This year more than ever, the economy is making it more difficult for families to pay for college.
The number of financial aid applications is up more than 10% over last year. Lenders are suspending loan programs and tightening credit standards. Families are concerned really concerned about obtaining loans and paying for college.
Add in the possibility of job losses and plummeting college savings plans, and you’ve got a recipe for panic.
But don’t panic just yet— here are 12 tips that can help you make your tuition, without losing it.
1. Minimize debt. Take advantage of grants and scholarships and other sources of free money for college before resorting to loans. If you will be borrowing more for your entire education than your expected starting salary, consider switching to a less expensive college.
· Live like a student while you are in school so you don’t have to live like a student after you graduate.
2. Submit the Free Application for Federal Student Aid (FAFSA).
You can submit the FAFSA
online at www.fafsa.ed.gov
. It’s free and is the first step toward money from the government and most colleges. Submit the FAFSA
every year, even if you didn’t qualify last year. Financial aid rules change every year.
· If you have unusual financial circumstances, such as a big drop in income or high unreimbursed medical expenses, ask the college for a professional judgment review. Give them photocopies of independent third party documentation of the unusual financial circumstances.
3. Search for Scholarships.
Search for scholarships at free scholarship matching sites like Fastweb.com
as soon as possible.
The more scholarships you win, the less you’ll need to borrow.
4. Education Tax Benefits. File for education tax benefits on your federal income tax return. These include the Hope Scholarship, Lifetime Learning Tax Credit and the Tuition and Fees Deduction. (Congress just increased the maximum Hope Scholarship to $2,500 and made it available for four years.) Up to $2,500 in student loan interest is deductible even if you don’t itemize.
5. Borrow Federal First. Federal education loans are cheaper, more available, and have better repayment terms than private student loans. You can get the unsubsidized Stafford loan and the Parent PLUS loan even if you do not have financial need.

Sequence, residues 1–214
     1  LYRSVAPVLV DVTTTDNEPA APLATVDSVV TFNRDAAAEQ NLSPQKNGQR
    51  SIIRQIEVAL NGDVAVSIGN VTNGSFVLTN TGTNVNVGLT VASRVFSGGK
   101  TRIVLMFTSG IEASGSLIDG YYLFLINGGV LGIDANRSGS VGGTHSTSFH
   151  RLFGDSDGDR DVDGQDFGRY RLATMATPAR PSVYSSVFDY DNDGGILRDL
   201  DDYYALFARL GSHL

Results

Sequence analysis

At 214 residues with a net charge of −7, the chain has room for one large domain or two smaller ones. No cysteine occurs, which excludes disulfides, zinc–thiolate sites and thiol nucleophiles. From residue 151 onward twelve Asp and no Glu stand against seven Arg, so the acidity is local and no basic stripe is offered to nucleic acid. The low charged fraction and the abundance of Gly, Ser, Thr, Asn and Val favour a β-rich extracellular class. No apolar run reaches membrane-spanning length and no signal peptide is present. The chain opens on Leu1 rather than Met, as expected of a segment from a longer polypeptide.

· Let your college’s financial aid office know if your parents were denied a Parent PLUS loan, as they can make you eligible for higher unsubsidized Stafford loan limits.
6. Apply for private student loans with a creditworthy cosigner. Applying with a cosigner not only increases your chances of getting the loan, but also often results in a lower cost loan as the interest rates and fees are based on the higher of the two credit scores.
7. Pay at least the interest that accrues while you are in school. This avoids the capitalization of interest, which adds the interest to the loan balance. This will keep your loan balance from growing because of negative amortization. Some lenders offer lower fees on private student loans for borrowers who pay the interest instead of deferring it.
8. Talk to the Lender to Get Repayment Relief. If you are having trouble affording the monthly payments on your education loans, talk to the lender. Lenders can offer a temporary suspension of payments through a deferment or forbearance. You lose these options if you default first. Lenders can also provide alternate repayment plans, such as extended repayment and income-based repayment. (Try to avoid overusing these options, as it can cost you. Interest may continue to accrue during a deferment and forbearance. Alternate repayment plans cut the monthly payment by increasing the loan term, which increases the total interest paid over the life of the loan.)
Additional repayment options may be obtained by consolidating your federal loans. If you are having trouble finding a lender to consolidate your federal student loans, use the Federal Direct Consolidation Loan Program at loanconsolidation.ed.gov
9. Ask the bursar about tuition installment plans. Most colleges offer these plans, which let you spread out the college bills over 9-12 months for a one-time fee of $50 to $100.
10. Continue saving for college. 529 college savings plans remain one of the best ways of saving for college. Many offer low-risk investment options. Investing a fixed amount every month gets you the benefit of dollar cost averaging, a strategy that works best when the stock market is volatile. Be sure to use an age-based asset allocation strategy, where the mix of investments becomes more conservative as college approaches. This will protect your savings from losses. (When your children are young you can afford to use a more aggressive strategy as the potential losses are smaller and there’s more time to recover from market downturns.)
11. Beware of Scholarship Scams. It is especially important to be vigilant about scholarship scams and advance fee loan scams. If you have to pay money to get money, it’s probably a scam. Do not give out your bank account number, credit card number or social security number to apply for a scholarship. Education loans never require up front payment of fees. Instead, they deduct the fees from the disbursement check.
12. Cut College Costs. To cut college costs, try to graduate in three years instead of four by taking extra classes or getting credits through Advanced Placement tests. Double major to get two degrees for the price of one. Live at home or get a roommate to save on housing costs. Buy used textbooks or sell your textbooks back to the bookstore at the end of the semester.